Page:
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Evaluate Rock Quality as You Climb

Loose Rock Tip 5

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Climbers on the last pitch of Otto's Route, Colorado National Monument.

Evaluate the rock as you climb so you can avoid the loose stuff.

Stewart M. Green

Okay, you’re doing everything right. You and your partner are wearing helmets. You checked out the route you’re climbing at Unaweep Canyon ahead of time and it looks pretty clean and without obvious loose rock. You feel safe. While you’re belaying your buddy up to the top of pitch one, you scan the cliff above. Hmmmm, it looks kinda strange up there; that one section above the crack looks a bit rotten. When your buddy starts leading the pitch above, you tell him, “Be careful up there. Check out the rock before committing.”

Constantly Evaluate Rock Quality

That’s great advice to avoid loose rock and loose cliff sections. On routes, especially multi-pitch lines, you have to constantly evaluate the quality of the rock as you climb so that you don’t pull off any loose handholds and that if you do, they don’t wipe out your belayer or anyone else that’s below you.

Do a Visual Inspection First

Always check out the rock quality as you climb. Test suspect holds before using them. Be suspicious of every block and boulder you encounter. A visual inspection is the first step. Does it look solid? Is it attached to the main cliff anywhere? Are there fracture lines around the block, especially the bottom? Is it just sitting on a shelf? How big is it? Do I have to use it for a hold or can I avoid it? This last instinct is one of the best—if you can climb around a block or a loose cliff section, then by all means do that.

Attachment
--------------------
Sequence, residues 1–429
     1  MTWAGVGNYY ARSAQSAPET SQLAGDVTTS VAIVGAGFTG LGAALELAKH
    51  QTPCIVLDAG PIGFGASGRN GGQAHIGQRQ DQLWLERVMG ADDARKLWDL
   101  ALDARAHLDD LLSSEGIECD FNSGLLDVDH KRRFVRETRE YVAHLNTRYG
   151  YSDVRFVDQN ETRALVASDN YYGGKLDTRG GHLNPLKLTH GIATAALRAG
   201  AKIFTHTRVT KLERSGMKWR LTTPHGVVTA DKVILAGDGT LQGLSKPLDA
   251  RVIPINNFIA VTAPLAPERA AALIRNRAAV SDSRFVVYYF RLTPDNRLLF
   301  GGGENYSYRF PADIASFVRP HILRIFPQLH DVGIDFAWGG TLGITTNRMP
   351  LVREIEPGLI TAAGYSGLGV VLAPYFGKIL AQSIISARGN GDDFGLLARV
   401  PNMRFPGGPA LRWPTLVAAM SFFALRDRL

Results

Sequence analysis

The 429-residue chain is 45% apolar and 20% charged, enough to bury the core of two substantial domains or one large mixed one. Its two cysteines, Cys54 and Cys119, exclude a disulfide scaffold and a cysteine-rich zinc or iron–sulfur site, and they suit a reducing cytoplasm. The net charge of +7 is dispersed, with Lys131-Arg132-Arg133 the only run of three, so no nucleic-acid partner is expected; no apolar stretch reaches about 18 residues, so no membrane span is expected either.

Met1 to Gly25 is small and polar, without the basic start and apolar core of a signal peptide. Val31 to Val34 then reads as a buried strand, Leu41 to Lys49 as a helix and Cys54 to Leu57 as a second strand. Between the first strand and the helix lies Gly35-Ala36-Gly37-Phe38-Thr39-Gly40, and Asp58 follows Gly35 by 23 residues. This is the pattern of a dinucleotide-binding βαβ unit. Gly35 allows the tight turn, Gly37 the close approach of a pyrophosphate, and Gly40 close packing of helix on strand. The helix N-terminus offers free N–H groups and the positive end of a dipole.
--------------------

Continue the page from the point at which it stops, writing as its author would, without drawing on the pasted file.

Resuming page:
Climb Around Loose Sections

Loose rock is often encountered on the easier sections of longer routes, where the rock is more susceptible to weathering than on steep sections. Because it is easier terrain, it is often simple to move around the chossy section and climb more solid rock.

Test Your Handholds

If you do have to climb loose terrain, then test your holds. The best way is to simply tap or whack the offending block or loose rock with your hand. First, lightly tap the block with your knuckles. If it sounds hollow, then it is and it could break off if you weight it with a hand or foot. It it seems okay but you’re still not sure if it’s solid, than give it a good whack with your palm. Sometimes you may have to put your other hand on top to make sure you don’t dislodge it. If you feel any movement or vibration in the block, then try to avoid it.

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